There is a particular passage from The Light Fantastic that really tickled my fancy (pages 29-30 in my edition).
The Forest of Skund was indeed enchanted, which was nothing unusual on the Disc, and it was also the only forest in the whole universe to be called — in the local language — Your Finger You Fool, which was the literal meaning of the word Skund.
The reason for this is regrettably all too common. When the first explorers from the warm lands around the Circle Sea traveled into the chilly hinterland they filled in the blank spaces on their maps by grabbing the nearest native, pointing at some distant landmark, speaking very clearly in a loud voice, and writing down whatever the bemused man told them. Thus were immortalized in generations of atlases such geographical oddities as Just a Mountain, I Don’t Know, What? and, of course, Your Finger You Fool.
Rainclouds clustered around the bald heights of Mr. Oolskunrahod (“Who Is This Fool Who Does Not Know What a Mountain Is”) . . .
Is that not just the funniest thing? I read it maybe three times just to absorb the humor to its fullest extent. This is a great example of Terry Pratchett’s humor. It is so silly and off-the-wall. Anyway, this passage reminded me of several other things.
After I finished The Light Fantastic, I got started on reading The Last of the Mohicans, on which there will be more information in another post, once I get deeper into it and get a good feel for it. Anyway, there is an explanation both in the author’s forward and also in the text itself about the naming of the lake by which the story (so far) takes place.
The lengthened sheet of the Champlain stretched from the frontiers of Canada, deep within the borders of the neighboring province of New York, forming a natural passage across half the distance that the French were compelled to master in order to strike their enemies. Near its southern termination, it received the contributions of another lake, whose waters were so limpid as to have been exclusively selected by the Jesuit missionaries to perform the typical purification of baptism, and to obtain for it the title of lake “du Saint Sacrement.” The less zealous English thought they conferred a sufficient honor on its unsullied fountains, when they bestowed the name of their reigning prince, the second of the house of Hanover. The two united to rob the untutored possessors of its wooded scenery of their native right to perpetuate its original appellation of “Horican.”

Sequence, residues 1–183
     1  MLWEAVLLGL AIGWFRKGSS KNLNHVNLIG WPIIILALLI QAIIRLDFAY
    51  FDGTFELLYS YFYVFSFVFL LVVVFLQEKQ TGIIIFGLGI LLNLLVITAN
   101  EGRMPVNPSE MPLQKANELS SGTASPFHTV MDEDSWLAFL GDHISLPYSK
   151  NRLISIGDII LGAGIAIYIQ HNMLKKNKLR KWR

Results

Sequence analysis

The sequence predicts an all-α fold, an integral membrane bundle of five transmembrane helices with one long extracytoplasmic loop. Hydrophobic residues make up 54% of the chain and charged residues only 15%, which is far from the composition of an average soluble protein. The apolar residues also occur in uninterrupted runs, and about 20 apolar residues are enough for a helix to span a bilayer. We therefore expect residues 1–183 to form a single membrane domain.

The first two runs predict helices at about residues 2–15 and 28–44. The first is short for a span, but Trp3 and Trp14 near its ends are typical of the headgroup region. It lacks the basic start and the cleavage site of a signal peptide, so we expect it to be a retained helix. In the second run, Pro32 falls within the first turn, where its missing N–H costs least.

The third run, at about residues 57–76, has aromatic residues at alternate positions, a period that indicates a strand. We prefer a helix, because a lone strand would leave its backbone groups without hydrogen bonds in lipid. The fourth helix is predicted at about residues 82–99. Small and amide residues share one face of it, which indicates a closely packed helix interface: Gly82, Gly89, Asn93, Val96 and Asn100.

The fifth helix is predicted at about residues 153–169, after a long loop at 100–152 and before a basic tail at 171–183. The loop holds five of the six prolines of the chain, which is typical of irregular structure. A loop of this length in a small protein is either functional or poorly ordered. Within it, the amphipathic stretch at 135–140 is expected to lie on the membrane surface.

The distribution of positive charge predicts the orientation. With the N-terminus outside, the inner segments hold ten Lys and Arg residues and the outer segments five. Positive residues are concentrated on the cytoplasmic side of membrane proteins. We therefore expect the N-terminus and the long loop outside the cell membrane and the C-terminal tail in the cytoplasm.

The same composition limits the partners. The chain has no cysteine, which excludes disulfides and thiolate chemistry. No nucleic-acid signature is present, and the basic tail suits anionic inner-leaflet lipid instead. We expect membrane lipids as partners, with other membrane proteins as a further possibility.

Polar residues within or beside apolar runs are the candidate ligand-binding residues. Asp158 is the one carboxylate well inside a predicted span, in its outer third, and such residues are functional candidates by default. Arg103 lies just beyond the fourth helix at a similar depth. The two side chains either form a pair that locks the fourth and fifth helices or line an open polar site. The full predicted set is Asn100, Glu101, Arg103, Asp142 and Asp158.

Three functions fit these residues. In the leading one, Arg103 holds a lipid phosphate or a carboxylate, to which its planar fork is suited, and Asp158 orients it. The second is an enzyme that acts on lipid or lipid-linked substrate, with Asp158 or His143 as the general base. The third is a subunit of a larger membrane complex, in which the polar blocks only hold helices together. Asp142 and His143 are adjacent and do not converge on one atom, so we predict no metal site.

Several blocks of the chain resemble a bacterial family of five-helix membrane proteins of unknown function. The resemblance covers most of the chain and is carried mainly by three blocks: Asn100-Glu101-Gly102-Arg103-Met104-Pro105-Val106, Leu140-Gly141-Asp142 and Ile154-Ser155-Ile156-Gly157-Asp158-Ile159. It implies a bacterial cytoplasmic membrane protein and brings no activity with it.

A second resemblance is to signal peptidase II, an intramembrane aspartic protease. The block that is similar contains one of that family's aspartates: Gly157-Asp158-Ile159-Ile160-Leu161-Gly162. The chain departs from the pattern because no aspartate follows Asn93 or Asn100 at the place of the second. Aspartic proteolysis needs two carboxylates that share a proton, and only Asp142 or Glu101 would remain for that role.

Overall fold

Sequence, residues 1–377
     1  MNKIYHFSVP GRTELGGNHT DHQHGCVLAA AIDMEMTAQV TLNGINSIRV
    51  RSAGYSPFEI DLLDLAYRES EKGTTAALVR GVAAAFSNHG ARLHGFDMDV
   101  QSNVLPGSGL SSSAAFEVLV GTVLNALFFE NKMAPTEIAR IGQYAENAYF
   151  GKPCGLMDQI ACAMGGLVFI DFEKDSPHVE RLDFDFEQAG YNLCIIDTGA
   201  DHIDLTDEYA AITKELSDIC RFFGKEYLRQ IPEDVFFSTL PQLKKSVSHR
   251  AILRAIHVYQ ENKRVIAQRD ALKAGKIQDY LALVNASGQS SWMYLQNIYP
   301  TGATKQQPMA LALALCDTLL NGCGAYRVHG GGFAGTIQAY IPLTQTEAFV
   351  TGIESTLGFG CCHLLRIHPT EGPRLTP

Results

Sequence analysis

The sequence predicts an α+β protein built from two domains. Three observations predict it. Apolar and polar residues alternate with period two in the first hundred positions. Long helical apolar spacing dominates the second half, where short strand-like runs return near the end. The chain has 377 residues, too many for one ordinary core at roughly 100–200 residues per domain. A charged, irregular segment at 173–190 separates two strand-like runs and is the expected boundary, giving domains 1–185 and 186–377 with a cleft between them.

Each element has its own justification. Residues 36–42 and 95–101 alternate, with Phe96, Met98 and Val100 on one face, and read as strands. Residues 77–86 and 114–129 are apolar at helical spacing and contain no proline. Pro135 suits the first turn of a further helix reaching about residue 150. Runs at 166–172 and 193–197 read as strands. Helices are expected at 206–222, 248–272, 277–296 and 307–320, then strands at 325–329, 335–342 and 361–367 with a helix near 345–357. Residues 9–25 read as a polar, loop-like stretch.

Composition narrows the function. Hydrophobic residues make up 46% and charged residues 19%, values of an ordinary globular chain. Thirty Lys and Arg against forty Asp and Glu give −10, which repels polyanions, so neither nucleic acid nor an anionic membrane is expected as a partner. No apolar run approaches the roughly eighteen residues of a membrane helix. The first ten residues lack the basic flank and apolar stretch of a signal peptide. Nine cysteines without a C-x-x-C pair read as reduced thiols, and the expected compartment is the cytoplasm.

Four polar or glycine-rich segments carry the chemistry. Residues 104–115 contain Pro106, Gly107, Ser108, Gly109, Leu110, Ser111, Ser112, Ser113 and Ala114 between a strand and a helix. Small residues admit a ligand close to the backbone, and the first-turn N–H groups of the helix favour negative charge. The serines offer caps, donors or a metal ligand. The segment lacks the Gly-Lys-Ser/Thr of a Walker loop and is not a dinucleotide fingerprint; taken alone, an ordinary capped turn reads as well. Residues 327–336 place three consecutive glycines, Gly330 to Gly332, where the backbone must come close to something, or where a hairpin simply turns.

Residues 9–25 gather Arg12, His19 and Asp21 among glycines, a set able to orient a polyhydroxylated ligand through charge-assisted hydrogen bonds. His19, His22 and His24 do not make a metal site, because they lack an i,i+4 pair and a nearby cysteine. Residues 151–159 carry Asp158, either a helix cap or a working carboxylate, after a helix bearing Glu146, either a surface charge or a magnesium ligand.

(from Project Gutenberg, because I was too lazy to get my copy of the book from the other room)
Apparently, toponyms seem to be a common thread in my current readings. Reading about the naming of places in two different books written by two very different authors within the space of a few days caught my notice (Something else caught my notice: the gerund phrase that forms the subject of that sentence is so goddamn long. It contains like six prepositional phrases, not to mention verbals. Holy shit. That is so cool).
As I spent the subsequent day exploring the wonders that are the United States Interstate Highway System (i.e. driving from Toronto down to Pensacola in 20 or so hours straight), I noticed something that bugged me. The names of towns, counties, rivers, etc. were never really original. We passed a “Red River”, a “Salt River”, and another whose name I cannot remember exactly but had something to do with ducks. Seriously, ducks. What the fuck, right? I have to give the English and the French in the above paragraph some credit. At least their names weren’t entirely predictable or wacky (still thinking about the ducks thing). But even then, nothing really cool. Where are the successors of the Vikings (it was the Vikings, right?), who pulled something epic with their Greenland/Iceland switcheroo. It is positively saddening. These people have no originality. Just seeing the names of the towns convinced me of that. A large minority of the towns were named after existing locations (Sparta [lulz ensued with THIS IS SPARTA references], London, and several more).
I found it funny that we actually covered toponyms in the first chapter of the Human Geography book. See, kids? School is not totally worthless! ;)